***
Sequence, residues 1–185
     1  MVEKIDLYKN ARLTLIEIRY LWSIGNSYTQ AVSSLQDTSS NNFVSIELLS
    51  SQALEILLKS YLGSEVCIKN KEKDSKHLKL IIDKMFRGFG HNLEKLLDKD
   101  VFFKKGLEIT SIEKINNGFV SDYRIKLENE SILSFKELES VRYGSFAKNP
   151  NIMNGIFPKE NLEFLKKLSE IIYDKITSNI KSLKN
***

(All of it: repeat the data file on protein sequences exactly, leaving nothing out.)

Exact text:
Sequence, residues 1–185
     1  MVEKIDLYKN ARLTLIEIRY LWSIGNSYTQ AVSSLQDTSS NNFVSIELLS
    51  SQALEILLKS YLGSEVCIKN KEKDSKHLKL IIDKMFRGFG HNLEKLLDKD
   101  VFFKKGLEIT SIEKINNGFV SDYRIKLENE SILSFKELES VRYGSFAKNP
   151  NIMNGIFPKE NLEFLKKLSE IIYDKITSNI KSLKN